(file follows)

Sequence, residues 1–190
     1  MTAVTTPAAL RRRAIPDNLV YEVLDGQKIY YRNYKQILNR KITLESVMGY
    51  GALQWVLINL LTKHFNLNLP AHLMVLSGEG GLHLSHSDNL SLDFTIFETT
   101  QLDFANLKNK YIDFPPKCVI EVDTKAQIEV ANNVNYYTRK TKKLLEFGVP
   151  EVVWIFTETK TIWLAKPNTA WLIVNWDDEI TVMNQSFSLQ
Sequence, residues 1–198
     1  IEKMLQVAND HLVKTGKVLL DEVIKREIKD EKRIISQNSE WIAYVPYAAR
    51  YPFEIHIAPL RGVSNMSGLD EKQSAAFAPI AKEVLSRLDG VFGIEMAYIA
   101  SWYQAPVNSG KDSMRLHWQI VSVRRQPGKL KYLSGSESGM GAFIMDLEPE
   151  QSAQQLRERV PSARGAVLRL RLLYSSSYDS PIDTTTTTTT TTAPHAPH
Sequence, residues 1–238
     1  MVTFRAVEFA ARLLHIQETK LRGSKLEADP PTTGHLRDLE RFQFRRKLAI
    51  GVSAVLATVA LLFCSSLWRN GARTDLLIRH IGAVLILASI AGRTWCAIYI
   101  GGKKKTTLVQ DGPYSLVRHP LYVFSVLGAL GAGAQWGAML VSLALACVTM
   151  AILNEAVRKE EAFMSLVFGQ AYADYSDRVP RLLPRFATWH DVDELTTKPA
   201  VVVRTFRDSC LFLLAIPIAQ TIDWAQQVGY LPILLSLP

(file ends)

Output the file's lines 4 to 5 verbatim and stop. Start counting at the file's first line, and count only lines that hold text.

   101  QLDFANLKNK YIDFPPKCVI EVDTKAQIEV ANNVNYYTRK TKKLLEFGVP
   151  EVVWIFTETK TIWLAKPNTA WLIVNWDDEI TVMNQSFSLQ